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Posted by iceberg on 08 April 2013 - 10:14 PM
Posted by ScottO on 08 May 2011 - 07:50 AM
Looking the other way from the summit, there's Snowdrift Peak out in the sun and the top of Tyndall Glacier up close in the shade. Middle right is part of the Tonahutu trail we were on.
The clouds were darkening as we headed down from Flattop. We did get a light sprinkle and a bit of very fine hail before reaching tree line but not enough to get wet.
One last look at Longs.
The view from the Dream Lake overlook. I believe that's Knob #1 (per Ed's numbering system) above the lake on the other side. Far across is Mills Lake.
The last picture of the day a bit below tree line. It was cloudy and breezy the rest of the way which was nice, as a return from Flattop can be quite hot on a sunny day.
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Posted by Igloo Ed on 29 November 2010 - 10:05 PM
I left Lyons in a temperature of 12F. and I wonder just how cold it was going to be at camp but what concerned me more was the wind I experienced driving up to Bear Lake. It was windy enough in the usual windy spots on the way to Estes Park and when I got the view of the Divide, I could see the peaks were shrouded in blowing snow. Not the kind of weather I was hoping for... Sure, I had been checking the weather forecast and the weather was holding true to the predicted low temps and strong winds.
I had hoped to ultimately go up Otis Peak a ways to build an igloo and spend three nights. This was my twenty eighth consecutive Thanksgiving in a snow shelter and I knew I had experienced weather just as bad over the years but it had been over ten years since it was this cold.
Well, experienced or not, the peak wasn't going to give itself to me on this trip but I figured I might just as well head that way and stop to build an igloo when needed.
When I got to Estes Park the temperature had dropped to 8F. and the wind was blowing down Elkhorn stronger than I'd felt it for a long time but then, I know the woods and know how to stay out of the wind on most trips up to timberline. I have my excellent leather boots, that fit so good, and my favorite Smart Wool socks to keep my feet warm but I'd left my full cover insulated gaiters at home. I instead foolishly thought my standard gaiters would do the job.
I drove up the Bear Lake road enjoying the new snow in anticipation of what snow conditions I would experience in snowshoeing and building the igloo. By the time I reached the parking lot, the temperature had dropped to 5F. and the winds were picking up also. I wasn't a gusty type wind but a steady 10mph which cut through to the bone when standing in the parking lot and getting ready. Luckily I know to have everything ready so all I need to do it put the snowshoes and pack on before heading out.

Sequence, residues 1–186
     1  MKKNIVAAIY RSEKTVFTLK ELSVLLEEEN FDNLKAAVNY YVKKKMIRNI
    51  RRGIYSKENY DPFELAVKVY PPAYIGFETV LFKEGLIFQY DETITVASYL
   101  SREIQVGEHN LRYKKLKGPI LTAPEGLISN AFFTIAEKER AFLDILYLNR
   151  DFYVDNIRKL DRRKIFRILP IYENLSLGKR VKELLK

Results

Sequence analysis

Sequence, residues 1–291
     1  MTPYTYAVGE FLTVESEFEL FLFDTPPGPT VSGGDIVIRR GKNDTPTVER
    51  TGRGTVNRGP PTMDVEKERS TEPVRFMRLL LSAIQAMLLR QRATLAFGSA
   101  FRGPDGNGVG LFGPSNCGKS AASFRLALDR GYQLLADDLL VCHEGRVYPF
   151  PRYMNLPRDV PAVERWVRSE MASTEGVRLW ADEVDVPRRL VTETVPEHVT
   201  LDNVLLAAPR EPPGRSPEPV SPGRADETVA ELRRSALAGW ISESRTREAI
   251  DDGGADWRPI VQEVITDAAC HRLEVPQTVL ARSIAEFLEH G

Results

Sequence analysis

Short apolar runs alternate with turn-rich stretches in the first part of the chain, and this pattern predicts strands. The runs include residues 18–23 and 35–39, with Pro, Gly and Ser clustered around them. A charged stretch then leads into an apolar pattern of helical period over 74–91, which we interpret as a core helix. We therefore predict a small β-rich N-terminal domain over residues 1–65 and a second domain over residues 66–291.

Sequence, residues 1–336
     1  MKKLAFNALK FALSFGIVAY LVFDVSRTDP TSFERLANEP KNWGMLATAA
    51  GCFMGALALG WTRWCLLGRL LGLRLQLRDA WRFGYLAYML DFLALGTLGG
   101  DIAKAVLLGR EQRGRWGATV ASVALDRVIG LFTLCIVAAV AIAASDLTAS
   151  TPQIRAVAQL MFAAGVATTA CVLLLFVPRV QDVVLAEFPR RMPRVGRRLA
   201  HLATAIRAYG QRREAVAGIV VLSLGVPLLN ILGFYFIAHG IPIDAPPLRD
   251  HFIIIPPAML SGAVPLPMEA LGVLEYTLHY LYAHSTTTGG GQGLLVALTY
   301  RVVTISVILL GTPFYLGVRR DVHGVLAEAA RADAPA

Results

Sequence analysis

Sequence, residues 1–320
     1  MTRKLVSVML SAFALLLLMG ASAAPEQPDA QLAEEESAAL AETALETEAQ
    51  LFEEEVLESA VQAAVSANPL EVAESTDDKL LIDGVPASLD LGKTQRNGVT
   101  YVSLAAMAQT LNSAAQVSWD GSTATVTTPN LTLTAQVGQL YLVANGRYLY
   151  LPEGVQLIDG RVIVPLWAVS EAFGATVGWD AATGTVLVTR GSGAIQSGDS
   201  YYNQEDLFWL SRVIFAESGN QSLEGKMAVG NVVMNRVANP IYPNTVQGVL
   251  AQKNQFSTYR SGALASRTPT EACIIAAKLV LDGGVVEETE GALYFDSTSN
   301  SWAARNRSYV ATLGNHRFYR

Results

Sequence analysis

I pushed hard at first to get some body heat going and I warmed up before I got to Nymph Lake but my feet were still chilly so I kept pushing on to stop them from getting any colder. The winter trail up to Nymph is much more sheltered than the summer trail but even in the woods there was a steady 5mph wind that would bring on a chill if taking anything but a short water break.
I pressed on while breaking trail through the snow that had drifted onto the trail overnight. The snow was variable with soft easy snow to break and crusty snow that broke when putting my full weight on the snowshoe. I made good time in spite of breaking trail because I was traveling fast to stay warm and the overall snow conditions were favorable.
After passing Dream Lake, the trail had a lot more snow on it making going a bit slower but I was enjoying the depth of snow base we have this year. The new snow was deep enough that the last 1/2 mile of trail to Lake Haiyaha was completely hidden. Luckily I knew the trail well enough to follow the openings through the trees.
A short ways before reaching Lake Haiyaha I turned off trail and started heading up the side of Otis Peak. I was surprised how deep and firm the snow was with only sinking into the powder about a foot to a solid base below and then finding large areas of rock hard wind drift that was like walking on a hard trail.
I gained 400 feet after leaving the trail before reaching the end of any good tree cover to build the igloo in, it was very obvious that I wasn't gong any higher so I settled on the same sheltered spot I had built an igloo last spring. The wind hadn't died down any and it was moving through the trees at 5mph but the temperature had warmed up to a balmy 8F.